Trying to remember login passwords every time we log into our digital accounts is becoming tiresome. It’s about time we get used to simpler and safer login alternatives with passwordless authentication.
It has been common practice to enter our username and password whenever we access restricted data or systems. In order to make passwords more secure, it has been recommended that we use a complex password that includes at least a capital letter, a small letter, a character, and a number. And since having multiple online accounts has become customary, how convenient is it to remember all of the passwords?
Passwords Are Outdated
Even though several platforms still use passwords to authenticate their users’ identities, it’s kind of running out of fashion these days. People, at the very least, have a tendency to forget their passwords. So that they have to go through a boring password recovery process. Besides, passwords haven’t been safe for a long time. They could be used as gateways for cyberattacks, or more commonly phishing attacks.
Reports show that password attacks have been growing due to the vulnerable nature of passwords. Besides, as technology keeps advancing, it has become easier for cyber attackers to breach password-protected systems. Some reports also show that humans by themselves are making it easy for hackers because they use weak and obvious passwords. According to a 2022 Specops Software report, 93 percent of password brute force attacks included at least 8 characters. 54 percent of organizations lack a tool for managing work passwords.
How Do Passwordless Authentications Work?
Passwordless authentication is a method of gaining access to secured systems without the use of passwords. It is an ideal solution to avoid the hassle of remembering password characters and the possibility of misplacing passwords. It’s not a delightful activity to try to remember passwords, even though there is a ‘forgot your password?’ option.
Passwordless authentication works by substituting passwords. They provide a more secure authentication by making use of something users have which is not stored on system servers. The following are the most commonly used passwordless authentication techniques, which can be used either alone or in combination.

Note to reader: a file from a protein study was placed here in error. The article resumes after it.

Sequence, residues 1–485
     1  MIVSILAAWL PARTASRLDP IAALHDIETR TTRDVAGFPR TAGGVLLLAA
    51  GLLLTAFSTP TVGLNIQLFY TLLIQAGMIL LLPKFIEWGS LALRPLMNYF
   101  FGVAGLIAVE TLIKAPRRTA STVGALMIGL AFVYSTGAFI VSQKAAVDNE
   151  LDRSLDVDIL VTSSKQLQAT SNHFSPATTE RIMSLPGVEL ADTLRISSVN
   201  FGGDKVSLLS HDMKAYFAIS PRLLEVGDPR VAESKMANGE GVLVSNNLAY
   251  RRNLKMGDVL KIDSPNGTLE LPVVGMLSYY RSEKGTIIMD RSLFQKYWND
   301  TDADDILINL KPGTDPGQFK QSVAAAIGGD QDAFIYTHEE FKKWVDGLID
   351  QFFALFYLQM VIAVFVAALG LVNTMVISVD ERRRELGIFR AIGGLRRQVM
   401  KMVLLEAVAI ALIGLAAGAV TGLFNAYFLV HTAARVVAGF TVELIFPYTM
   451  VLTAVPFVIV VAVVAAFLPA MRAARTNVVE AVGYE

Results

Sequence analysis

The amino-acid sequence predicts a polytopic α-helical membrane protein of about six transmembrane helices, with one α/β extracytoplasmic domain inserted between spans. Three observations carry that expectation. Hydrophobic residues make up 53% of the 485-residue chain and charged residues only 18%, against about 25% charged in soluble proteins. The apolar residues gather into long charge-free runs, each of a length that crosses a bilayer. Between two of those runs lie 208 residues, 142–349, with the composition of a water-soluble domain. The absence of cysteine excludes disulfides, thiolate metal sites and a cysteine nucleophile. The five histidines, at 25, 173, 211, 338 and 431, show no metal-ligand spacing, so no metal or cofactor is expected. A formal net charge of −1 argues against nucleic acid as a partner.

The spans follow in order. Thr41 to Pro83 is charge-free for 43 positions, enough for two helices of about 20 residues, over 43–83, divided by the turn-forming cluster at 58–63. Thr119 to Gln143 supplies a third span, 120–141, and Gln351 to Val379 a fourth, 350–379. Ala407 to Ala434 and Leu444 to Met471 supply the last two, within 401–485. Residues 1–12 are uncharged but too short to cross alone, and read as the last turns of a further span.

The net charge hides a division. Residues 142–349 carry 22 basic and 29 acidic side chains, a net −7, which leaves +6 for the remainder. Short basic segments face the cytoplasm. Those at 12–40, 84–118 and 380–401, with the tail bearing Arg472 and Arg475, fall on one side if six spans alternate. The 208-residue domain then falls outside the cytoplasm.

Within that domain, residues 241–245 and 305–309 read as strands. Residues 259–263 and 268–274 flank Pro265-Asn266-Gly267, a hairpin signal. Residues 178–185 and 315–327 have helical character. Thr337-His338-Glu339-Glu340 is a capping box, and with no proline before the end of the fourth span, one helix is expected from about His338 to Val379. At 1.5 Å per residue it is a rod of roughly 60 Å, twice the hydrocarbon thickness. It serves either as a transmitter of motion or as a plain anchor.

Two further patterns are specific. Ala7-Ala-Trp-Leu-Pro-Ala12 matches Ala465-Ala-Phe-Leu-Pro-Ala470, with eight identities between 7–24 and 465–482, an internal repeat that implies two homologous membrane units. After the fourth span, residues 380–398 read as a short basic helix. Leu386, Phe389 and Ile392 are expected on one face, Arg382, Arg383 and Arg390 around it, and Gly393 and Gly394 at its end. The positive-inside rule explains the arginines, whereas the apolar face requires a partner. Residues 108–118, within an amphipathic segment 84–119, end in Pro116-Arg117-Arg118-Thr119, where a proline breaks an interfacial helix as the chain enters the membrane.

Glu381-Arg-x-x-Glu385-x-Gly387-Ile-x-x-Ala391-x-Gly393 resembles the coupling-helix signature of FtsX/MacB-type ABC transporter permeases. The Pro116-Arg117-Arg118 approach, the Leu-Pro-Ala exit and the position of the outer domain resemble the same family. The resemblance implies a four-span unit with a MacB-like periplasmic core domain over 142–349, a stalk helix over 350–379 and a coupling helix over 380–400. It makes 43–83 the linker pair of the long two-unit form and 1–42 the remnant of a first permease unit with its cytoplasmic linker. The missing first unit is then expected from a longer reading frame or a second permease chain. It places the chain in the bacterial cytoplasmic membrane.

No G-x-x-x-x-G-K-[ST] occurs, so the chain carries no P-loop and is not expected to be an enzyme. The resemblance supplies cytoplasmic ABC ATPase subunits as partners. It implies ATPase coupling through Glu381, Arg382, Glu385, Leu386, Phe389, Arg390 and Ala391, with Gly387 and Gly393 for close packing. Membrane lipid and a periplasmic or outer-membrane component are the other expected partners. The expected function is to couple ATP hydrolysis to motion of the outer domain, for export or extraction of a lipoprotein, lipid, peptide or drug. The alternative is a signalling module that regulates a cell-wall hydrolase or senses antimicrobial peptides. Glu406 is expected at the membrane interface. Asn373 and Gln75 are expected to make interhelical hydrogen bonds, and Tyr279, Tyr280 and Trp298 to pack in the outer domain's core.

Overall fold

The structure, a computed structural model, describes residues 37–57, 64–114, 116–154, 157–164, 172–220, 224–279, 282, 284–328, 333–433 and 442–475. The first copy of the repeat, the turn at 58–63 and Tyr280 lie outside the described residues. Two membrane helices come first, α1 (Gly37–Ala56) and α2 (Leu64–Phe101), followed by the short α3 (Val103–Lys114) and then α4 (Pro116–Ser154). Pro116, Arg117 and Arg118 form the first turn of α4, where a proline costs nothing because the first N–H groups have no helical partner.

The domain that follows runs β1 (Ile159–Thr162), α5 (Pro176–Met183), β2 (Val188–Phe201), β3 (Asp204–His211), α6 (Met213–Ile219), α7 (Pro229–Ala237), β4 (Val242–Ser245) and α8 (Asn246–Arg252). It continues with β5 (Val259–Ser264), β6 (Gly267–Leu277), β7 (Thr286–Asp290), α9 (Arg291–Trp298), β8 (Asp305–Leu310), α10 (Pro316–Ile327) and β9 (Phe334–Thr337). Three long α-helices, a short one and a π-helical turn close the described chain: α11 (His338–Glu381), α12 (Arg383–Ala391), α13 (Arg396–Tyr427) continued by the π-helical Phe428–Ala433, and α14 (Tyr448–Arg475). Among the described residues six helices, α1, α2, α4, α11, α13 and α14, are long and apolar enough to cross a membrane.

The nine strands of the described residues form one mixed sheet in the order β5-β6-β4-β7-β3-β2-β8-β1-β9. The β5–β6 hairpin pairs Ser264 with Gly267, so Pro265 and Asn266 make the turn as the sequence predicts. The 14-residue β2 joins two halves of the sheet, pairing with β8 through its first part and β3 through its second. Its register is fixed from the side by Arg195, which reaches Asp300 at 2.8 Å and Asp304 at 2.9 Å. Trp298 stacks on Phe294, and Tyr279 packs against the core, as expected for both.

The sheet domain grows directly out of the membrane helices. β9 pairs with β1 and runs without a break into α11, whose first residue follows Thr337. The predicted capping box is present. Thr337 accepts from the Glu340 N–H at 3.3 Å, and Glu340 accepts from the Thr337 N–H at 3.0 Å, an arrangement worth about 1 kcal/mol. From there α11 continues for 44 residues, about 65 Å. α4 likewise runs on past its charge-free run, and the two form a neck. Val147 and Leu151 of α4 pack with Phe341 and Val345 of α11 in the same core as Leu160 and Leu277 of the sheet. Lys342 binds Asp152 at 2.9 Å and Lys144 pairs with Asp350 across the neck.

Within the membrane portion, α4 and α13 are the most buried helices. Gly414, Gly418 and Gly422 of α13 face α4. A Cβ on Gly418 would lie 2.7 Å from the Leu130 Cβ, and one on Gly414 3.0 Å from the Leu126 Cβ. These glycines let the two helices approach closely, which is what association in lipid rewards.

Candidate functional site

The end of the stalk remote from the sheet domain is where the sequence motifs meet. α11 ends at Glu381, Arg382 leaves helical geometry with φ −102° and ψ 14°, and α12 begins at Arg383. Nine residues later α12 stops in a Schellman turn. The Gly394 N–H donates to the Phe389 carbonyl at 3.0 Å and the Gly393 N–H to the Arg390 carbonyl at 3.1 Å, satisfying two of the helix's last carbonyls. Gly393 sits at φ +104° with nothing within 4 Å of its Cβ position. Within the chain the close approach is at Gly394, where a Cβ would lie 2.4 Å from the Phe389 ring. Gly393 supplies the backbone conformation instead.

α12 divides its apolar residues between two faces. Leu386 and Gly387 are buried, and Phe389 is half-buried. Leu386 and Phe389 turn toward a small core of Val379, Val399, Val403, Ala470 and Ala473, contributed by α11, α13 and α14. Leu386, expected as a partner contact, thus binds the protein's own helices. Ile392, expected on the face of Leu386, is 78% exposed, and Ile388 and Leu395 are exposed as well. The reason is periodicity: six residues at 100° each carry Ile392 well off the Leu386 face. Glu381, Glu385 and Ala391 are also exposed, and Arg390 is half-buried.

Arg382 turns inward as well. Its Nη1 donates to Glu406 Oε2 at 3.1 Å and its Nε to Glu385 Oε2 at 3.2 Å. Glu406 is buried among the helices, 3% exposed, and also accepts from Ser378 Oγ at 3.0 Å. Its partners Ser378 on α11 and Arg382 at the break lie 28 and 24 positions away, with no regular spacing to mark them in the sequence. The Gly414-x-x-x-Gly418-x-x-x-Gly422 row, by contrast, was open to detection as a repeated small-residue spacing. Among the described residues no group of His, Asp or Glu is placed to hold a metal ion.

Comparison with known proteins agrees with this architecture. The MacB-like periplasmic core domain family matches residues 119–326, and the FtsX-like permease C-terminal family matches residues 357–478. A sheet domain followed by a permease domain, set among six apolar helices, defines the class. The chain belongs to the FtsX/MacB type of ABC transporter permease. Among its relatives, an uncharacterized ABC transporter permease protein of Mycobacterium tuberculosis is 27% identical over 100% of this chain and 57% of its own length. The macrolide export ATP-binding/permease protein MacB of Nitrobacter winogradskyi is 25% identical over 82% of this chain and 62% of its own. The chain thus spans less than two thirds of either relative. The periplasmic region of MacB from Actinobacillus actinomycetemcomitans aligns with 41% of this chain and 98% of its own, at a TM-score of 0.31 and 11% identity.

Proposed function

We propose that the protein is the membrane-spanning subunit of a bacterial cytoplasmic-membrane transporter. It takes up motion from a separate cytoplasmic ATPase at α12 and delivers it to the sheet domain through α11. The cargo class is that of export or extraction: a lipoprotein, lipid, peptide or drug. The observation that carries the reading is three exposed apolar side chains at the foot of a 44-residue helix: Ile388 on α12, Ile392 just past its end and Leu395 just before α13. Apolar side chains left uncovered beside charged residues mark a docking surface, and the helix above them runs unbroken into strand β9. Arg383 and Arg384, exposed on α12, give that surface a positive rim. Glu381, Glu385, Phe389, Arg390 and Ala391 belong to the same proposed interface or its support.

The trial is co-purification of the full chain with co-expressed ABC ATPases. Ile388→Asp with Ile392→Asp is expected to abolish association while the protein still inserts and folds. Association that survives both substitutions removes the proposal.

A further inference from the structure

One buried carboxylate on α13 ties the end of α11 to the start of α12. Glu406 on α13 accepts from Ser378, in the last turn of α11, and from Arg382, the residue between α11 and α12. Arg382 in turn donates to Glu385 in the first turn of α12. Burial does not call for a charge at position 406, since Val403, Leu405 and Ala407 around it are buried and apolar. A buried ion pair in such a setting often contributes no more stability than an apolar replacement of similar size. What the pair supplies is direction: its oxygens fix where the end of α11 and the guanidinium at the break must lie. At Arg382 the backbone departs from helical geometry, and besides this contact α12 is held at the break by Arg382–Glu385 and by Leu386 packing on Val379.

- Biometric authentication: uses physical traits such as fingerprints, retina scans, facial recognition, voiceprints, and behavioral traits to uniquely identify a person.
- Hardware security tokens: work through dedicated portable devices that can verify the user’s identity and prevent unauthorized access.
- Certificate-based authentication: allows digital devices to securely identify each other across a network by using a cryptographic token called a passkey.
- Email magic links: uses the user’s email address for authentication. Upon entering an email address, the system sends an email that contains a link, which when clicked, grants the user access.
- Authenticator apps: generate time-based one-time passcodes to authenticate users.
How Safe is Passwordless Authentication?
When it comes to the digital world, safety is one of the most debated issues. However, safety is becoming more vulnerable as devices and systems become more interconnected. On the other hand, attempts to ensure a more secure and safer digital world are also advancing.
It is obvious that no system is completely immune from getting hacked. Everything is hackable. Therefore, at this point, a safe and secure platform refers to something that is hard to crack and less vulnerable to common cyberattacks. Passwordless authentication appears to provide safer security for our digital connections.
The way passwordless authentication is configured makes them safer than password-based systems. They are designed to identify people based on factors such as possessions, biometric information, email magic links, security tokens, and authenticator apps. This makes them more difficult to breach with at least amateur-level hackers.
In its recent The Keyword blog, Google announced that they are “one step closer to a passwordless future.” On May 5, in honor of The World Password Day, they announced their intention to implement passwordless support for Fast Identity Online (FIDO) sign-in standards in Android and Chrome. Apple and Microsoft have also announced that they will offer the same type of support on their platforms. This means, that in the really close future, passwordless authentication will be widely available on digital devices and major platforms.
According to Google, devices will store FIDO information called a passkey, which is used to unlock online accounts. Because it’s based on public-key cryptography and is only shown to users’ online accounts, the passkey is a far more secure signing-in option. In addition, users can simply be granted access to a website on a computer, simply by gaining access from their nearby phone. Once users pass this step, there will be no need to use a phone again. It will be possible to sign in by just unlocking their computer.
Even though passwordless authentication is a significant improvement toward a safer and simpler experience, it is still far from perfect. Hackers with the most sophisticated Artificial Intelligence (AI) have the opportunity to breach passwordless systems. There are possibilities for spoofing biometrics and intercepting passkeys. Following these concerns, experts are recommending the inclusion of machine learning (ML). ML appears to have a promising potential to develop algorithms using data collected from typical behavioral patterns of users so that, in case of deviation, it will be taken as an unauthorized attempt.
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